Masthead graphic based on a painting by Gudrun Thriemer.

Tuesday, August 22, 2006

Notes: Mark Perry and Alastair Crooke, "How to lose the war on terror, Part 4: Acts of faith," Asia Times Online, June 6, 2006.

A newly elected conservative government in Canada has reinforced its commitment to America's foreign policy, and neo-conservatives are now among the most influential voices in the French cabinet.

[That sentence is just a passing observation in Perry and Crooke's detailed, article-length discussion of neo-conservatives beginning with Leo Strauss, ending with Bernard Lewis and including reluctant neocons Paul Wolfowitz and David Horowitz. Names, publications, think-tanks, intellectual roots. Presented, not as a rogue movement that has hijacked the American conservative movement, but as an important and legitimate side of today's historical dialectic. That, of course, is how they see themselves.

Perry and Crooke dismiss those who believe "modern Western political thought has been unduly influenced by the writings and teachings of University of Chicago Professor Leo Strauss" as "followers of Lyndon LaRouche, anti-Zionists, marginalized libertarians, irritated conservatives and a range of conspiracy theorists that span the political spectrum." They then go on to describe Strauss and his disciples as if they were legitimate conservatives. The problem once again is with the two-part dialectic. -jlt]


Hitler did not come to office as the result of an election. In fact, he was soundly defeated in Germany's presidential election of 1932, but was appointed chancellor in 1933 by Paul von Hindenburg. Hitler took dictatorial powers in 1933 as the result of a "soft coup", when the Nazi leadership engineered the Reichstag fire, blamed the communists, and suspended all future elections. (Weimar official Franz von Papen was later tried at Nuremberg for his role in engineering Hitler's appointment as chancellor of Germany - and was acquitted.)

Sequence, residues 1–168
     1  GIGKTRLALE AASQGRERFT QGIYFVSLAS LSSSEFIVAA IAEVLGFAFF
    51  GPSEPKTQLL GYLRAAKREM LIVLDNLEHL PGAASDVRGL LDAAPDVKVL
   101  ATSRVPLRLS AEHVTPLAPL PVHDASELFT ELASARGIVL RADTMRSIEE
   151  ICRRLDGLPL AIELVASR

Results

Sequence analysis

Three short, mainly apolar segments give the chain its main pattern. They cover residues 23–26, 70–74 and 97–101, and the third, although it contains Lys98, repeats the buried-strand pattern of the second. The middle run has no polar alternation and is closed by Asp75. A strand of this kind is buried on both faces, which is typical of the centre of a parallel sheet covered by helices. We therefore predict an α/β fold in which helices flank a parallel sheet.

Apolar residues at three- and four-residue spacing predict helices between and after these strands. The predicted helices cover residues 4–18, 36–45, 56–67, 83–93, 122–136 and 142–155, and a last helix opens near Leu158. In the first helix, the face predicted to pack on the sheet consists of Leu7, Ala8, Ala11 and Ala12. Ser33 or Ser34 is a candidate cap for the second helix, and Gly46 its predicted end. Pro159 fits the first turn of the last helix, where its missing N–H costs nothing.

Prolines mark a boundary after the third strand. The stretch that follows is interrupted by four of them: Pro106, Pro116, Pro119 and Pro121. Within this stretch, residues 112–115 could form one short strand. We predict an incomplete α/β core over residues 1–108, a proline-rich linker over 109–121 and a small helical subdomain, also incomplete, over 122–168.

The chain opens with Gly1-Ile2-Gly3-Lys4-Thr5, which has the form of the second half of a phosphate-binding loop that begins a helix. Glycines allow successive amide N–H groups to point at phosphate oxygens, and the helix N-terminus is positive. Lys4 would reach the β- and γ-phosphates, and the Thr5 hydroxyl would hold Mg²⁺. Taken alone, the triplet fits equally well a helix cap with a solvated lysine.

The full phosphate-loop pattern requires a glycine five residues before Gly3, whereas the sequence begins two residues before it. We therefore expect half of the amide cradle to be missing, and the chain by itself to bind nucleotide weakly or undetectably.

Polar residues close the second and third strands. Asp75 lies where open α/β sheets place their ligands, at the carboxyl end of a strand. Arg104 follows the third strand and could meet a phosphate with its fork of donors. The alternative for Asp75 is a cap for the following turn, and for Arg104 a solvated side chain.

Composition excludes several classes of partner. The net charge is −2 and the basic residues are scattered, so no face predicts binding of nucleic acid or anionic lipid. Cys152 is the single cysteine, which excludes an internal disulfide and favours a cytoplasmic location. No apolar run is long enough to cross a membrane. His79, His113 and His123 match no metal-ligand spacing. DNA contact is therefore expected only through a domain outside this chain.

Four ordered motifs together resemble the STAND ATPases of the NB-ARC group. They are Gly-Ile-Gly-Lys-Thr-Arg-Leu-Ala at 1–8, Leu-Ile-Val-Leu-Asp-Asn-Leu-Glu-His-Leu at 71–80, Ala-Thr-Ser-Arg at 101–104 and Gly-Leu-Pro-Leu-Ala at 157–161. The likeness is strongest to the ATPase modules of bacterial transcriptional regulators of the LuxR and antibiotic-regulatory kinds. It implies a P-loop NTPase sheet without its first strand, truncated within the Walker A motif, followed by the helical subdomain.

In driving Islam from the state bureaucracy, the Kemalists rooted it more firmly in the street and mosque. Kemalism thus created the conditions in which Islamism transmuted and evolved, giving space to generations of new thinkers who have challenged Islamic orthodoxy. Islam's response to Kemalism included the articulation of a politics of discontent that opposed the liquidation of Muslim identity and rejected an Ataturk-imposed Western world order.

The new Islamism refused to accept that universal values could only be imported from the Western historical narrative. Instead, they searched for universal values derived from Islam, with an emphasis on the Koran and the seed community of Muslims at Medina - an alternative historical perspective outside the Western narrative. Thus was born a decades-long hostility that has shaped the character of modern political Islamists.


we are reluctantly forced to acknowledge that the words of our most important allies, those secularized pro-Western leaders of the region - Hosni Mubarak in Egypt, President General Pervez Musharraf in Pakistan and the young King Abdullah in Saudi Arabia - mean less to the vast majority of politically engaged Islamists than the words of two Islamic leaders, dead now, with disparate beliefs and followers.

Egyptian Sayyid Qutb and Pakistani Maulana Maududi explicitly rejected Ataturk's conception of a national state as a rejection of Islamic law and culture and, in the process, freed political Islam from the constraints of clerics and scholars. Qutb argued in Milestones that Muslims do not need an Islamic hierarchy to tell them how to live; all they need do is treat the Koran as both a practical personal guide as well as a political manifesto, while Maududi (Qutb's progenitor) urged Muslims - who saw their community divided by successive generations of Western diplomats - to rediscover their common political and cultural roots in Islam.

Qutb wrote that the Koran was accessible and understandable by all, a statement that is as influential in Islam today as Martin Luther's theses were to Christianity 500 years ago. Qutb and Maududi speak to Muslims across the ages, their words repeated in sermons and books throughout the Arab world. It is their vision for the future, and not Ataturk's, that remains vibrantly alive in the Muslim world today.
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